• Home/Building Inspector - $50,000 to 75,000
    Better pay, better cover. Really, who would expect a home inspector to be a superhero? And you gotta use that X-ray vision for something more than giving kids leukemia.

  • Nuclear Engineer - $65,000 to 125,000
    As long as they're not mining glowing green rocks for heavy metals, he's golden. May have a bit less downtime than the previous jobs, but there's very little risk involved when you can be shot in the eye with a bullet and walk away unscathed. Really, what's the deal with that anyway? Who shoots a guy in the freakin' eye? Actually, Superman seems a little dim to me. Not sure I'd want him manning the core.

  • Professional Football Player - $260,000 minimum salary to millions
    Maybe the big guy's best shot so far. Plenty of money for wing expansions on the Fortress of Solitude; only have to work a few months out of the year. Plus, most of the time you're wearing a helmet so no one can really get a good look at you. Perfect for the secret identity.
So what's with the reporter gig? We all know he's just trying to stay close to Lois Lane, but don't you think he'd win her heart wearing a nice suit and a nice place with hardwood floors and a bed that doesn't pull down from the wall? Have some self-respect, Last Son of Krypton.

January 4, 2007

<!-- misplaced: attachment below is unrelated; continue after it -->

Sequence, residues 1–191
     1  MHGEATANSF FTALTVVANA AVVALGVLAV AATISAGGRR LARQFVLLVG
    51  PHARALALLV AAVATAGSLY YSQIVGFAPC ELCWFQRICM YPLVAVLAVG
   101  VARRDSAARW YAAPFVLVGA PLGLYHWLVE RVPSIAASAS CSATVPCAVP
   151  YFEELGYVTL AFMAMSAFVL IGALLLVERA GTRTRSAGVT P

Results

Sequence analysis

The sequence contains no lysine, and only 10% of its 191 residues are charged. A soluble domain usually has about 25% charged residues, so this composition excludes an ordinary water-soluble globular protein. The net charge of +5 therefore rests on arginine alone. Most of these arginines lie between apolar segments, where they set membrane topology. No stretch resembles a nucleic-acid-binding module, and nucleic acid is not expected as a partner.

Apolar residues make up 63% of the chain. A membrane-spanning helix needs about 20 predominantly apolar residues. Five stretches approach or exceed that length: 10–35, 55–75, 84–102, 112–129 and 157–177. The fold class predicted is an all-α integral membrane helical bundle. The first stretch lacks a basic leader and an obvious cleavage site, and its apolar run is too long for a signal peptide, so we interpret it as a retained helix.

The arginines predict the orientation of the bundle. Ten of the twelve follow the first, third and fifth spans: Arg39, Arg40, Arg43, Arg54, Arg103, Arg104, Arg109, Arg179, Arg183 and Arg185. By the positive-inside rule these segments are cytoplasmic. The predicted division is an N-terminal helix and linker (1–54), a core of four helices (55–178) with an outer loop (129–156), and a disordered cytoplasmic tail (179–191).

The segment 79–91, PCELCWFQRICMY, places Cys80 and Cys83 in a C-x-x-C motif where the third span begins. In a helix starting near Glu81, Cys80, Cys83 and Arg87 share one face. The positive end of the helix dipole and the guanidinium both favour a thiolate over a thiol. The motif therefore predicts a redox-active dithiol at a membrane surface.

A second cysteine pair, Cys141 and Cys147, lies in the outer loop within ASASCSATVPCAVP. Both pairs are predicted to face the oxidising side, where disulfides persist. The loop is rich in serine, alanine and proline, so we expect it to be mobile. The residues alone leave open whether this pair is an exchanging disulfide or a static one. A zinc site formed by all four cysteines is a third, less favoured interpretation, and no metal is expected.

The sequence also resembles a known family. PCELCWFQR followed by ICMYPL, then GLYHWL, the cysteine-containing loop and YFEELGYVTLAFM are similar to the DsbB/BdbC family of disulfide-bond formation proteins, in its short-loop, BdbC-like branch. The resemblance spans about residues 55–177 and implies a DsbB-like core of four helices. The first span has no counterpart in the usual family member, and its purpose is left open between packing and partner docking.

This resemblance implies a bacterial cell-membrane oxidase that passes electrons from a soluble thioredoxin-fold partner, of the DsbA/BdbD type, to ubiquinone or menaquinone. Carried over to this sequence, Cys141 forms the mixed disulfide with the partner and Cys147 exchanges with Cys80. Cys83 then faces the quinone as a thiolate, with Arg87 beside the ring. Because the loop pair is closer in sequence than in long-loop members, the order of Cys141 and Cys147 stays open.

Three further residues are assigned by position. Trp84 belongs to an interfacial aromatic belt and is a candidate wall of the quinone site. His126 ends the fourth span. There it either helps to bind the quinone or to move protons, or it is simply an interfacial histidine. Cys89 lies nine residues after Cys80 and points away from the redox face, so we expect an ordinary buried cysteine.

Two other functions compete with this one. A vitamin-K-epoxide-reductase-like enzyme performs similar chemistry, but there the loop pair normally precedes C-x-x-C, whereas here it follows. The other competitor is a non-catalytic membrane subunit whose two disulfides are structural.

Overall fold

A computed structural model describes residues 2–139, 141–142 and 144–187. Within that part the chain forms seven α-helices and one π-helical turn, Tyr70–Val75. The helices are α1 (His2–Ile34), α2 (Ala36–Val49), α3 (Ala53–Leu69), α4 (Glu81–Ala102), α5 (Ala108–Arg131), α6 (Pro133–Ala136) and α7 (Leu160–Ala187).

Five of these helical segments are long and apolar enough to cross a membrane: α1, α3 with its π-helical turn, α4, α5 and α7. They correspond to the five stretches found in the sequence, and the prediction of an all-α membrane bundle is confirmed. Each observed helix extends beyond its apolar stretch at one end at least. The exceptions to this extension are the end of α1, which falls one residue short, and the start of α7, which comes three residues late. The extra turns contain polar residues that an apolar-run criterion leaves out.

Just because you need another reason to exercise.

A recent study by a group at the UAB Department of Nutrition Science claims that body composition may have an impact on the growth and spread of cancer. Traditional views have pointed towards calorie intake as the main problem in obesity, but it seems that what the body does with these calories is the main concern.

In the first experiment, mice genetically prone to pancreatic cancer were kept at two temperatures -- the cooler the ambient temperature, more energy (as calories) is required to maintain normal body functioning -- and fed the same amount of food. The mice kept closest to normal body temperature predictably became more obese than the other set, but also became significantly more inundated with cancer. The mice that had to expend more energy in the cooler environment retained generally normal pancreas tissue.